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Readers respond to stories about drug prices in Canada

It is so hard to believe that the United States, being one of the "Super Powers" of the world, has let its health-care system teeter on the edge of an epidemic. When we, as Americans, have to look to other countries to find affordable prescriptions and medications to maintain our health, it shows the greed of the American drug companies. This has sent our health insurance status into a downward spiral.

I own a small business here in West Virginia. We at one time had a small group health insurance plan, but were forced to drop it, due to the extreme rise in premium costs. I was added to my wife's health insurance plan. She has been in management at Tri-State Greyhound Park & Gaming Center, going on 10 years. Two months after I was put onto her insurance, the company announced that they would no longer offer paid health insurance as a benefit. They stated that they would maintain insurance for management for a weekly payroll deduction of $156 a week for a family plan or $12 a week for an employee-only plan.

There was no way we could afford an $8,100-a-year family plan, so we were forced to drop myself and our child off of her insurance plan.

We scrambled to find some kind of affordable insurance. Due to the fact that I take Paxil and Lipitor, most claims were rejected, would have had riders on them to not cover my monthly medications, or were just so expensive that we could afford only one or the other. So, at this point, our child and I have no health insurance. We have to pay for doctor visits and medications out of our pocket, and we hope and pray not to ever be hurt or sick.

It just seems that American health care has reached a "Catch 22" phase. If you can afford insurance, you can't afford medications or vice-versa. Or the premiums are so high that if you HAD that kind of money each month, you could afford to go to the doctor anyway.

I am just your average "John Doe," trying to make a living, pay the bills and provide decent health care for my family. I am now forced to scour Canadian online pharmacies for cheaper prescription prices. And to read that a major American drug company is going to cut supplies to Canada because they are reselling at lower costs, enrages me! How dare they!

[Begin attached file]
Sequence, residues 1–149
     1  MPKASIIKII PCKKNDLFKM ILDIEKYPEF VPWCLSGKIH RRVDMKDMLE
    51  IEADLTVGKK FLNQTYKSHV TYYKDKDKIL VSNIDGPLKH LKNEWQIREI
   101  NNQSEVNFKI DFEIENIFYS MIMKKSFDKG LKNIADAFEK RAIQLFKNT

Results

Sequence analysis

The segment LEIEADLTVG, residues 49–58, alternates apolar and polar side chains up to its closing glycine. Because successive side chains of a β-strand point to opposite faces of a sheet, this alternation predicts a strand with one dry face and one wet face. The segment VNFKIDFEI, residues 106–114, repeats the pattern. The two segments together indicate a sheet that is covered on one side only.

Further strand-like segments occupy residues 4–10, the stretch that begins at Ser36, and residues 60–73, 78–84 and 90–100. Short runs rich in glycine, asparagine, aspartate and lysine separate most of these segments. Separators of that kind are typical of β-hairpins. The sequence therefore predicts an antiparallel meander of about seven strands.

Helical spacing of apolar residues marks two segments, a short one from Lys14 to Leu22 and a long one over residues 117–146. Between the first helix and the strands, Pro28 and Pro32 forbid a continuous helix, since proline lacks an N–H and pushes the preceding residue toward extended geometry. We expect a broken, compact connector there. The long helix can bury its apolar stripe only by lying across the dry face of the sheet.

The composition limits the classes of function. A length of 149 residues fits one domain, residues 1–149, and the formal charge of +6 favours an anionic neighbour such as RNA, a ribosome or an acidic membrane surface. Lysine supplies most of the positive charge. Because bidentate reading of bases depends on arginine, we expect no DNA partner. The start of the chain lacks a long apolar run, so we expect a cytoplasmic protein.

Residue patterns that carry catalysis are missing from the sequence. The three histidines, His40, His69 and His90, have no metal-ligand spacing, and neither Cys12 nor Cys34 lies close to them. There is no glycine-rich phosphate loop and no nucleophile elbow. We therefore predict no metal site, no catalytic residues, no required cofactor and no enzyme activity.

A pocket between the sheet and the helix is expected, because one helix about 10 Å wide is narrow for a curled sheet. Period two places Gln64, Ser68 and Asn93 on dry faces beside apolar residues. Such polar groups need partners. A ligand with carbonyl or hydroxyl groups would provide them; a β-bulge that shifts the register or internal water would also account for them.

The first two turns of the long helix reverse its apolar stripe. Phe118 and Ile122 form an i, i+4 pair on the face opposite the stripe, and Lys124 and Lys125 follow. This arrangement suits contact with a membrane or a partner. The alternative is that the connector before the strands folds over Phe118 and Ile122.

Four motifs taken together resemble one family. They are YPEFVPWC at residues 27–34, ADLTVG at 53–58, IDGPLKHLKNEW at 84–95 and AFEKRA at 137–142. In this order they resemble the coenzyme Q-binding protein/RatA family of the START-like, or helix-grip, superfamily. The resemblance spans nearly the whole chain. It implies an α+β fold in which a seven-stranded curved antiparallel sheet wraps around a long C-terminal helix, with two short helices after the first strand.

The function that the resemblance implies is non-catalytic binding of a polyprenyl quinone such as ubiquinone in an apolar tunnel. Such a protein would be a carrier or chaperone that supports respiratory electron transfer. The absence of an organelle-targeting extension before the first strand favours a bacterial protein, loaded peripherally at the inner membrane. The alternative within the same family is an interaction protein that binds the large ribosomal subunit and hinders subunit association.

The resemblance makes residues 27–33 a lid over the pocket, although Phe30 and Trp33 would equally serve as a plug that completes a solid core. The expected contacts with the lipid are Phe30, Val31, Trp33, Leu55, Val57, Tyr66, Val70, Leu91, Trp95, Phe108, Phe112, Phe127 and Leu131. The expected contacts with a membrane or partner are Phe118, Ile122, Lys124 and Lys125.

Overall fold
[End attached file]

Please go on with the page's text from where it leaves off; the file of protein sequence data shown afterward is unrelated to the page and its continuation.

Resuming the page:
If this keeps up, I fear that a lot of Americans may be learning the words to "O' Canada" and making a run north of the border.

Jodie Perry

Hurricane

 

As a Canadian-born American citizen, I am amused and annoyed by the debate about health care in the U.S. vs. Canada. I left Canada in 1967 when my employer transferred me to California. Except for my children, my family is all in Canada. I have repeatedly dealt with the Canadian health-care system as my parents aged and passed away.

The Canadian system is far from perfect. Your Aug. 3 articles comparing the two countries' systems were well done. They certainly underscore the need for an impartial debate, if that is possible. The American system's costs are out of control, while the Canadians struggle with a serious lack of physicians and the latest medical gizmos. But they are still on the right track. The life expectancy of babies and their ages are a testament to their approach.

I am starting a new manufacturing business in West Virginia, and health-care costs are of real concern to us, the founders. I am a strong believer in free enterprise tempered with social responsibility. Market-driven demand is theoretically based upon customer choice. But health happens randomly because of a lot of external, genetic, unknown and sometimes self-inflicted conditions. As a caring society, surely we can, and should, care for one another and not profit from it. A $15 million annual income for a pharmaceutical CEO is certainly the ultimate arrogant and robber baron mentality. European, Japanese, Canadian and Australian executives all survive very well on a fraction of U.S. CEO average incomes.